Once again, the big news has broken whilst I was sleeping and whilst it doesn’t concern Saab directly, it definitely has an effect.
No doubt you’ve probably seen it already, but that big news is that GM Europe (read: Opel) is seeking a spin-off from the corporate mothership.
General Motors Europe has begun the process of separating from full GM ownership as part of its plans to raise 3.3 billion euros to ensure its survival.
GM Europe plans to form a joint stock company for its German-based Opel unit and UK sister brand Vauxhall.
The new company would remain linked to GM while letting outside investors take a stake of more than a quarter, GM Europe President Carl-Peter Forster told a news conference today.
“GM could be a majority shareholder in the new business structure with more than 50 percent,” a GM Europe source told Automotive News Europe.
The source said no decisions have been made on the new business structure. “Today a process has been started,” he said.
Forster said Opel is moving to restructure its business with as minimal an impact on jobs as possible but said plant closures could not be ruled out.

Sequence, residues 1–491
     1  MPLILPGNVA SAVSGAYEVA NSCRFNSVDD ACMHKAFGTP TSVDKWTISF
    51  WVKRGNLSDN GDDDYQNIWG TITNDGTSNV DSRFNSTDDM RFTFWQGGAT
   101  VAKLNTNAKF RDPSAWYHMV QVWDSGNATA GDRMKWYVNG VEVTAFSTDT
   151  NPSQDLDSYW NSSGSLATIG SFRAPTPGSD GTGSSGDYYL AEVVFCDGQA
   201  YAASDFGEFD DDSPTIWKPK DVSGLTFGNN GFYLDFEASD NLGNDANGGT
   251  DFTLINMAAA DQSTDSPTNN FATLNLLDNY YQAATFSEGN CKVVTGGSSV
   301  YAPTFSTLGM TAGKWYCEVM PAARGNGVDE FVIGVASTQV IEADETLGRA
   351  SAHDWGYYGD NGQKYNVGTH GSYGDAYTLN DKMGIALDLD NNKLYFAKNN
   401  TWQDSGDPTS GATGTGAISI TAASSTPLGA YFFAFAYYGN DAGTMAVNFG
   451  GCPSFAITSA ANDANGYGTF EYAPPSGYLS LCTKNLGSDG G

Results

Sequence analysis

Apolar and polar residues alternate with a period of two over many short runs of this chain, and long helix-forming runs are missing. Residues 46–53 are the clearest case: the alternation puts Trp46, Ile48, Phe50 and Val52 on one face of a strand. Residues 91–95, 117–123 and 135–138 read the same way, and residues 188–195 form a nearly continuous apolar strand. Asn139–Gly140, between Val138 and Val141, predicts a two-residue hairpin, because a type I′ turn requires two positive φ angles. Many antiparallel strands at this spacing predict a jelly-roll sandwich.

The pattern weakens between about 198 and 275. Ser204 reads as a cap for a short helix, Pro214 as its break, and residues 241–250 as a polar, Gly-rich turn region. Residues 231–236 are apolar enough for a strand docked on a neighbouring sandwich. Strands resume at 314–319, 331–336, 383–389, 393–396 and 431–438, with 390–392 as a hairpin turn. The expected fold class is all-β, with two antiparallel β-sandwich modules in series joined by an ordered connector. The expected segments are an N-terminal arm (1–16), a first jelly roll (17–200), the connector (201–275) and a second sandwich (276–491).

In fact, it’s a little more than just a plant closure. There’s already one report stating that Opel may sell one of it’s plants to Daimler.
General Motors sources today confirmed press reports that its Opel subsidiary could sell a German car plant to Daimler.
A GM source said a decision could be made within weeks on whether Daimler, which makes Mercedes-Benz cars, will buy Opel’s plant in Eisenach, eastern Germany, where the Corsa small car is made.
So what’s the Saab angle here?
I’ve written previously on the difficulties between Saab and Opel. They’ve had a hard time co-operating when they were told by the mothership to play nice.
If Opel can pull off this separation from full GM control then they’re going to have a much stronger case for building a stronger corporate identity and taking the Opel brand further upmarket, which is what I believe they’ve wanted to do for some time now.
This only strengthens the argument for Saab seeking new ownership and an exit from the GM group. They’d be dead meat under Opel’s direction.